Salt of Hartshorn
Harts' horns, are the horns of the male red deer. Various substances were made from the shavings of these animals' horns.
The oil of hartshorn is a crude animal oil obtained from the destructive distillation of the deers' bones or horns.
The salt of hartshorn (bakers' ammonia) actually refers to two distinct substances, sal ammoniac (ammonium chloride), and ammonium carbonate, which have been obtained from oil of hartshorn by dry distillation. This substance was used in Scandinavian countries as a leavening agent before commonplace use of commercial leavens such as baking powder and yeast. A disadvantage of heartsorn is that the baked product can retain and unpleasant ammonia oour.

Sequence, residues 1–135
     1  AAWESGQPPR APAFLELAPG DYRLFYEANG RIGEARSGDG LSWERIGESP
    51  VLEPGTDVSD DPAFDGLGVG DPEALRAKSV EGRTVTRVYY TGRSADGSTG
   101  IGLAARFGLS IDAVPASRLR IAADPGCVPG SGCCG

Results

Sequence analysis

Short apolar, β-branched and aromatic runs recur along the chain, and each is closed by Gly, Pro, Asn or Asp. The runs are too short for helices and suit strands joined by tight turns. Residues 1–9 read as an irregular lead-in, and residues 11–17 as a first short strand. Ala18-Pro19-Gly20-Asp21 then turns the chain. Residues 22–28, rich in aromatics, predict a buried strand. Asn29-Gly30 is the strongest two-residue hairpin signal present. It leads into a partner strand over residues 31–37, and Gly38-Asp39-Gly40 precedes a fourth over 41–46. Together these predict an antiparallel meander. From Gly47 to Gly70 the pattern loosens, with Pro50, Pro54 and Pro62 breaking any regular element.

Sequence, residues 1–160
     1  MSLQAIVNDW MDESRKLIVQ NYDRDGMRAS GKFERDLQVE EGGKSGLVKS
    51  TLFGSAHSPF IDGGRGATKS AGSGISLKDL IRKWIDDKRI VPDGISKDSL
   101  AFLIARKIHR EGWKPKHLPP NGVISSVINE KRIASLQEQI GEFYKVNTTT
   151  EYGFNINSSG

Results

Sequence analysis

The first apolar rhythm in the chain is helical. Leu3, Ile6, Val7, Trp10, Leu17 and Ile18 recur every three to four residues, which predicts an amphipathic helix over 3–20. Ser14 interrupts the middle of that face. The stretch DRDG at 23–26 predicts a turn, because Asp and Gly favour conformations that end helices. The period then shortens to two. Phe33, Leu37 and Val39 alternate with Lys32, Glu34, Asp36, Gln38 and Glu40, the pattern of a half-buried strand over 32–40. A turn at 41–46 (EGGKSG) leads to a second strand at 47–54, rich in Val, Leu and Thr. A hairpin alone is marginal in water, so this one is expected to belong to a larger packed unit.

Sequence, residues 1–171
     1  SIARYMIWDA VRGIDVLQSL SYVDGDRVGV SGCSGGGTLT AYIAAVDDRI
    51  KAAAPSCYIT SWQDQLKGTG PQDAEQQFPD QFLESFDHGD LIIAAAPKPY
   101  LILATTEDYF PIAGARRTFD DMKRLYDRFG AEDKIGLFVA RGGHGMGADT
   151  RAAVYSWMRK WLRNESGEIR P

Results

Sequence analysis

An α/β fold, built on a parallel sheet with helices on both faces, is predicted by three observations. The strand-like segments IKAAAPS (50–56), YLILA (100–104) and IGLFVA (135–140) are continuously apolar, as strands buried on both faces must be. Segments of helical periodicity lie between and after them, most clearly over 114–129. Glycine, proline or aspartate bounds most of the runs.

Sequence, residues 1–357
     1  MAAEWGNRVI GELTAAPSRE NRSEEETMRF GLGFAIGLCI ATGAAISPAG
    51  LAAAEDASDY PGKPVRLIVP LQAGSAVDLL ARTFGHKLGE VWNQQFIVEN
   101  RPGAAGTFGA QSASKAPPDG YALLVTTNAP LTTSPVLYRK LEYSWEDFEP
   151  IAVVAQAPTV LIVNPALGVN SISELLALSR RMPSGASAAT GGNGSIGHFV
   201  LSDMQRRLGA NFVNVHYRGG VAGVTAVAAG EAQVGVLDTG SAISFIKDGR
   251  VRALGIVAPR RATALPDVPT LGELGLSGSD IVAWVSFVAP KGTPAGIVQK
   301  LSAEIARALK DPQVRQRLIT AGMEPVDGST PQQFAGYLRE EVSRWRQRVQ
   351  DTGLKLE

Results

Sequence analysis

The spirit of hartshorn (or spirits of hartshorn) is an aqueous solution of ammonia. Originally this term was applied to a solution manufactured from the hooves and horns of the red deer, as well as those of some other animals. The aqueous solution was a colourless and pungent, consisting of about 28.5 percent ammonia. It was used chiefly as a detergent, for removing stains and extracting certain vegetable colouring agents, and in the manufacture of ammonium salts.
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